A missense mutation in TRAPPC6A leads to build-up of the protein, in patients with a neurodevelopmental syndrome and dysmorphic features

Hussein Sheikh Mohamoud, Saleem Ahmed, Musharraf Jelani, Nuha Alrayes, Kay Childs, Nirmal Vadgama, Mona Mohammad Almramhi, Jumana Yousuf Al-Aama, Steve Goodbourn, Jamal Nasir

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Abstract

Childhood onset clinical syndromes involving intellectual disability and dysmorphic features, such as polydactyly, suggest common developmental pathways link seemingly unrelated phenotypes. We identified a consanguineous family of Saudi origin with varying complex features including intellectual disability, speech delay, facial dysmorphism and polydactyly. Combining, microarray based comparative genomic hybridisation (CGH) to identify regions of homozygosity, with exome sequencing, led to the identification of homozygous mutations in five candidate genes (RSPH6A, ANKK1, AMOTL1, ALKBH8, TRAPPC6A), all of which appear to be pathogenic as predicted by Proven, SIFT and PolyPhen2 and segregate perfectly with the disease phenotype. We therefore looked for differences in expression levels of each protein in HEK293 cells, expressing either the wild-type or mutant full-length cDNA construct. Unexpectedly, wild-type TRAPPC6A appeared to be unstable, but addition of the proteasome inhibitor MG132 stabilised its expression. Mutations have previously been reported in several members of the TRAPP complex of proteins, including TRAPPC2, TRAPPC9 and TRAPPC11, resulting in disorders involving skeletal abnormalities, intellectual disability, speech impairment and developmental delay. TRAPPC6A joins a growing list of proteins belonging to the TRAPP complex, implicated in clinical syndromes with neurodevelopmental abnormalities.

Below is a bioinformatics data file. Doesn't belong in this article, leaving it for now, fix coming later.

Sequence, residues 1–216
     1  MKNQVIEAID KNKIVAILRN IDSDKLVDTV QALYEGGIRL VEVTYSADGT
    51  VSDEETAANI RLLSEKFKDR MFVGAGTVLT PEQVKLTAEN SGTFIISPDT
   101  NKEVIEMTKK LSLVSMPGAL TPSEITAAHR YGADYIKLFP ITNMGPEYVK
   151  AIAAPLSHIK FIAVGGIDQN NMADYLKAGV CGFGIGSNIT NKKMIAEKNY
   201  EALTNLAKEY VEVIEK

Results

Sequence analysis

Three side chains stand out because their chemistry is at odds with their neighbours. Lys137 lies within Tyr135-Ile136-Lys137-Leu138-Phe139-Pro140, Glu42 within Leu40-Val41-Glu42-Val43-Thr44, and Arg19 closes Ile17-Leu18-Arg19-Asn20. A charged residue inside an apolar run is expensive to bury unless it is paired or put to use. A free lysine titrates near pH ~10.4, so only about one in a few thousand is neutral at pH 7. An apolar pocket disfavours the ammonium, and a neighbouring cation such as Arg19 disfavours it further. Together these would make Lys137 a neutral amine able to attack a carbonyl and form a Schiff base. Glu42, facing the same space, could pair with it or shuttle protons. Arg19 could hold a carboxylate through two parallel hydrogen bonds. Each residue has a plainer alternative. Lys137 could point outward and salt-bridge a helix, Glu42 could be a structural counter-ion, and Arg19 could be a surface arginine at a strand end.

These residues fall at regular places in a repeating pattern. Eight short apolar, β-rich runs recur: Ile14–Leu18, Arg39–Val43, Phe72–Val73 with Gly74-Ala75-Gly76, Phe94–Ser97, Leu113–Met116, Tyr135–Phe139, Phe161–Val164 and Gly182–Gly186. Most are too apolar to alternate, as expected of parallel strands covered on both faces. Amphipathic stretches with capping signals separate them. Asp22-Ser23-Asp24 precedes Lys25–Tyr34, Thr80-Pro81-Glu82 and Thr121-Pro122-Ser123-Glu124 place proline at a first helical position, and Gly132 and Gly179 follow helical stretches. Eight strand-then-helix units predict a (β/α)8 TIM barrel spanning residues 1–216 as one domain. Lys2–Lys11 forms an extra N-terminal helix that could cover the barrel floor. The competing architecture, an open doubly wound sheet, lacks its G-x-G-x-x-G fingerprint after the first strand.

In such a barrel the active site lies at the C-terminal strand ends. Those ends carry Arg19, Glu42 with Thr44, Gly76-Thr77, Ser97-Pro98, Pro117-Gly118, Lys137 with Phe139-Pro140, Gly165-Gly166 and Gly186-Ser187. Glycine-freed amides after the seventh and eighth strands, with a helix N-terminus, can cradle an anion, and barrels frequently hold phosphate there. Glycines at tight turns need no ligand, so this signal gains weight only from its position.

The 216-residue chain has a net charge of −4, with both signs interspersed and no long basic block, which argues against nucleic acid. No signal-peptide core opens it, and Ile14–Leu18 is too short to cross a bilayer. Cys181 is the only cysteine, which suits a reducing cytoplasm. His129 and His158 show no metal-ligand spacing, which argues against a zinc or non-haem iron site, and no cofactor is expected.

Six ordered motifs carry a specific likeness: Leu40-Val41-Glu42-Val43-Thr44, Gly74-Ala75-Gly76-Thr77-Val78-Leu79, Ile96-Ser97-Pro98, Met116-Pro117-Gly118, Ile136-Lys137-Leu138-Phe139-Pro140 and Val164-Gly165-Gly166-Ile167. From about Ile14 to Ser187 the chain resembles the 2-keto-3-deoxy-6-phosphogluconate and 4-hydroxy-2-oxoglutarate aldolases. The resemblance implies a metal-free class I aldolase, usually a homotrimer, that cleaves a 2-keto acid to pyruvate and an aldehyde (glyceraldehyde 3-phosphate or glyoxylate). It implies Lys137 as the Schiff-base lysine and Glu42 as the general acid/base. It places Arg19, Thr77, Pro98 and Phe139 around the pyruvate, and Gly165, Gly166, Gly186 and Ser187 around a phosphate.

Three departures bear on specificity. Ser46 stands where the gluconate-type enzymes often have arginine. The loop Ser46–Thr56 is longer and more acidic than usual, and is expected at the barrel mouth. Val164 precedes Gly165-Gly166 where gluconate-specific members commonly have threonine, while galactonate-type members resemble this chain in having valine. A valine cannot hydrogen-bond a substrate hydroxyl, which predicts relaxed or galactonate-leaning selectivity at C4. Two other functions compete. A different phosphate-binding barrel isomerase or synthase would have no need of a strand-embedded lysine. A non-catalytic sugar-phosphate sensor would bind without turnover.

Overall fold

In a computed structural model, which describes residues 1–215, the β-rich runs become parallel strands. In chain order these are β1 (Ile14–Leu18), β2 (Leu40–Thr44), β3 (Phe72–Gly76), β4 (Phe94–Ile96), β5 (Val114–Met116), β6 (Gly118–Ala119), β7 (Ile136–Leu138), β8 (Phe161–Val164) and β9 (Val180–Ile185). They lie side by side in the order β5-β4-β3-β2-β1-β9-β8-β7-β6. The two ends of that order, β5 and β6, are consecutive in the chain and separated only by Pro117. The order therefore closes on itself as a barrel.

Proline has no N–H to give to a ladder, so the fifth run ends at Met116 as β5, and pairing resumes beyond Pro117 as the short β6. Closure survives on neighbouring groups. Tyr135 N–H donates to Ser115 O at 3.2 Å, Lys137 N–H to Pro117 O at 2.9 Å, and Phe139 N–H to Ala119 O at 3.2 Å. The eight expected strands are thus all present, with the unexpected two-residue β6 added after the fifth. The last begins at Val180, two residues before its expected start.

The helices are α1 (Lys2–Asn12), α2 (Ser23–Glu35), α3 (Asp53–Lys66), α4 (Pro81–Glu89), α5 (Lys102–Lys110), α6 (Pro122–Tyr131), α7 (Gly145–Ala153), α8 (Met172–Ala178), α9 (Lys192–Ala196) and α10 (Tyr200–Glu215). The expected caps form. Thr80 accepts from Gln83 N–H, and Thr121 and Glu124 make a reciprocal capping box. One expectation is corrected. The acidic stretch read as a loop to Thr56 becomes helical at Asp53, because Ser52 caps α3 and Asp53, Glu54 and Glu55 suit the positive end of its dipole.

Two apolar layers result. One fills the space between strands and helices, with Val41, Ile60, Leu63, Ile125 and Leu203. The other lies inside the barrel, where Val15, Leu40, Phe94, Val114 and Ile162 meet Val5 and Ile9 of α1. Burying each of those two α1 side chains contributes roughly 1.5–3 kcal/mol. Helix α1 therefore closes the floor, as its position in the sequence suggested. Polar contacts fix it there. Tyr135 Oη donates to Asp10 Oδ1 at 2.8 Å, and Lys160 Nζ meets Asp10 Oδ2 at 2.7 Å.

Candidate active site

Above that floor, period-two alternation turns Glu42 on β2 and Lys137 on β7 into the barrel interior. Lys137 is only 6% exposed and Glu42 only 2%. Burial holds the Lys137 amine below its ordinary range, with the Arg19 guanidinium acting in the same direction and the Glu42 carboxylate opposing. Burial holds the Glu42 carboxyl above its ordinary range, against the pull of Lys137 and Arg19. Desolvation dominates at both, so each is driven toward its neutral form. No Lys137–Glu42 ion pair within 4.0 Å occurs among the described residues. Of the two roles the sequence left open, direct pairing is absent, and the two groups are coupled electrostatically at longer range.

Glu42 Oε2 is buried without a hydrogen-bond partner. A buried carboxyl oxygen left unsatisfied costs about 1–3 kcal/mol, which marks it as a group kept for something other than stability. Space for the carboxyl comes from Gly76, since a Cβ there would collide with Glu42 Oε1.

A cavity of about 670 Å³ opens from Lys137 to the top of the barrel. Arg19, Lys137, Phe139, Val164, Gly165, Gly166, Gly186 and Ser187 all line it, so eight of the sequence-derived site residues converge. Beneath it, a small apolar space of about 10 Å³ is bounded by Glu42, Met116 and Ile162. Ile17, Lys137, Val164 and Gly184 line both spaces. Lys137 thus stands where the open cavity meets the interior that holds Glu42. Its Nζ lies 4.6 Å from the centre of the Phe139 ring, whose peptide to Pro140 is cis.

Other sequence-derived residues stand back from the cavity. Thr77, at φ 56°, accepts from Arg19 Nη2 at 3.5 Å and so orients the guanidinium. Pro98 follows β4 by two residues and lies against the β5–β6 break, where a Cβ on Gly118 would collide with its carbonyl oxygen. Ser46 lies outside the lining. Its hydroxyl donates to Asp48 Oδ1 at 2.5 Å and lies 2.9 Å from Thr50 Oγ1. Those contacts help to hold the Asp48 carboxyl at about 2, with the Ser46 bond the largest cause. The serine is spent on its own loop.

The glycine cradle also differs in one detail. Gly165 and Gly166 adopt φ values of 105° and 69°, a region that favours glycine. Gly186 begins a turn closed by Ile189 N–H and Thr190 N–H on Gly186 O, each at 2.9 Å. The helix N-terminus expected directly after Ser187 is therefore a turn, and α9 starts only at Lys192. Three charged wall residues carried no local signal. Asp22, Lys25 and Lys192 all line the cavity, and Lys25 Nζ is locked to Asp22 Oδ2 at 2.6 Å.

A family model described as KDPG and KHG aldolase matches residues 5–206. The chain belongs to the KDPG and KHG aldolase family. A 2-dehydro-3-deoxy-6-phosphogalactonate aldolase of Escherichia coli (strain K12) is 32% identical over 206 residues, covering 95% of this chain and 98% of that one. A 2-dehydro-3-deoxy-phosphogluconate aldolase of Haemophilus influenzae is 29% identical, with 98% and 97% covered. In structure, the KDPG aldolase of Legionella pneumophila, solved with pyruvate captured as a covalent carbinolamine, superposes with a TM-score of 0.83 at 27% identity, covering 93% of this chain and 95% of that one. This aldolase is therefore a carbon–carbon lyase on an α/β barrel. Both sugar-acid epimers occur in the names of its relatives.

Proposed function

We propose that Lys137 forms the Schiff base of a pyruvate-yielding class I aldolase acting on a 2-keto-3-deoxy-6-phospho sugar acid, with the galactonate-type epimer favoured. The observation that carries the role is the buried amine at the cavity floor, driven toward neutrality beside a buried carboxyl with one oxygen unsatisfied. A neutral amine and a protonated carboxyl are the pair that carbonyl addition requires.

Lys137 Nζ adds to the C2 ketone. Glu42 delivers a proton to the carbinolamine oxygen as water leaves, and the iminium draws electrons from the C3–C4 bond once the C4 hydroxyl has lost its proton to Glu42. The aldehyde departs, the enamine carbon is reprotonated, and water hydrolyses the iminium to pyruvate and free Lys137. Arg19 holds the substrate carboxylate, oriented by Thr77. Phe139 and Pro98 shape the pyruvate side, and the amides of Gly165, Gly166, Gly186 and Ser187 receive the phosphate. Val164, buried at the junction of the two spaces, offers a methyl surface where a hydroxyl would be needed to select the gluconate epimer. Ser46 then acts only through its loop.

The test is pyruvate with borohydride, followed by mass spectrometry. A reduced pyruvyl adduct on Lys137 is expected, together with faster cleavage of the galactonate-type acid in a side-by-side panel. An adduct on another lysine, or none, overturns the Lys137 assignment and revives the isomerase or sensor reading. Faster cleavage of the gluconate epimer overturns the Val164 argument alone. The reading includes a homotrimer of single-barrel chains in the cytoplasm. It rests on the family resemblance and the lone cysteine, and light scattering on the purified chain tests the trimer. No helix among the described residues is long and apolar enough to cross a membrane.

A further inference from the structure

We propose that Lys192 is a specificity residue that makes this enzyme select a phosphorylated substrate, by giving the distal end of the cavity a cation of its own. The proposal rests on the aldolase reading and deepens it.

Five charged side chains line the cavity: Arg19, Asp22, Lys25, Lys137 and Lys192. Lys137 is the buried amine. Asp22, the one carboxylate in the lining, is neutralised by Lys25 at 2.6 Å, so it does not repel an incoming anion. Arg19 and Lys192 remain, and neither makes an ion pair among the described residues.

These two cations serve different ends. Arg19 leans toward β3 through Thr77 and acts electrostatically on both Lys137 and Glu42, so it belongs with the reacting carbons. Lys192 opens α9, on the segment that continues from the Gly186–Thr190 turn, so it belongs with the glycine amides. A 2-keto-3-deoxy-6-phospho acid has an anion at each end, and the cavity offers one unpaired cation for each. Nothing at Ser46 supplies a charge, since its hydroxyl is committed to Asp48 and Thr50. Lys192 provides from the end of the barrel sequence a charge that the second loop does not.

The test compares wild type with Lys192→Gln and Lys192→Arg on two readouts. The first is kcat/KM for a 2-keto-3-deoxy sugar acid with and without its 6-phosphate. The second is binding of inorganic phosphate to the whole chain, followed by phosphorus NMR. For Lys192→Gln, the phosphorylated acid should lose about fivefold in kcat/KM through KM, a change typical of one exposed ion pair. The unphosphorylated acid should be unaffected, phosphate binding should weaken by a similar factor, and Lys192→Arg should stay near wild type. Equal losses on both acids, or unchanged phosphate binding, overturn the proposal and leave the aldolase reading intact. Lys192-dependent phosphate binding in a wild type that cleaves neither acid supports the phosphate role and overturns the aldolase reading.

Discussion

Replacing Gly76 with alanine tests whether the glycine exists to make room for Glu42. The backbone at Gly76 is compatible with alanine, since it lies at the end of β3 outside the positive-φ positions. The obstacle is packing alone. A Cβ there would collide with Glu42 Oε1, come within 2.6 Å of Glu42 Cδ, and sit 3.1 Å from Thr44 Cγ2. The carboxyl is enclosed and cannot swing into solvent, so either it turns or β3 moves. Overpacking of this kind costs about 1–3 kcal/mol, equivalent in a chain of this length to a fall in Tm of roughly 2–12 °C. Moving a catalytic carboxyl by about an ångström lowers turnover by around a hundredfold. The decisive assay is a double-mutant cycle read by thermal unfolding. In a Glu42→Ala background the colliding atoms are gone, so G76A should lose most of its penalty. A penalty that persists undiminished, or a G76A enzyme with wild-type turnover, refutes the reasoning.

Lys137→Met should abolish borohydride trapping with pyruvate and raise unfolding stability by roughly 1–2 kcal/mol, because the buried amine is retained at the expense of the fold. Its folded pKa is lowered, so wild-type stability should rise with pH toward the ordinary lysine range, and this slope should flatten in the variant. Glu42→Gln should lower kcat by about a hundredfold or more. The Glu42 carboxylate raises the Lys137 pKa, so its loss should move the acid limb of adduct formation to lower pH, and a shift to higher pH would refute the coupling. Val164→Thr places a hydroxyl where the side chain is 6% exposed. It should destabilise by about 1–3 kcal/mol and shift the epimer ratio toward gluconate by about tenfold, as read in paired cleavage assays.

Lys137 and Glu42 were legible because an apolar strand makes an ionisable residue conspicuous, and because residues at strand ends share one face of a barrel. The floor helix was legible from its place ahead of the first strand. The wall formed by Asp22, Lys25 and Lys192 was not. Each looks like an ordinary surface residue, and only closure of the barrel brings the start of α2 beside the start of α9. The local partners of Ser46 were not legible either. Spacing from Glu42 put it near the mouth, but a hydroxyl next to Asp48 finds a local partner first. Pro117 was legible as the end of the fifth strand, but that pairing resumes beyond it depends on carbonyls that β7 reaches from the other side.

Original languageEnglish
Article number2053
JournalScientific Reports
Volume8
Issue number1
Early online date1 Feb 2018
DOIs
Publication statusPublished - 1 Dec 2018

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Mohamoud, H. S., Ahmed, S., Jelani, M., Alrayes, N., Childs, K., Vadgama, N., Almramhi, M. M., Al-Aama, J. Y., Goodbourn, S., & Nasir, J. (2018). A missense mutation in TRAPPC6A leads to build-up of the protein, in patients with a neurodevelopmental syndrome and dysmorphic features. Scientific Reports, 8(1), [2053]. https://doi.org/10.1038/s41598-018-20658-w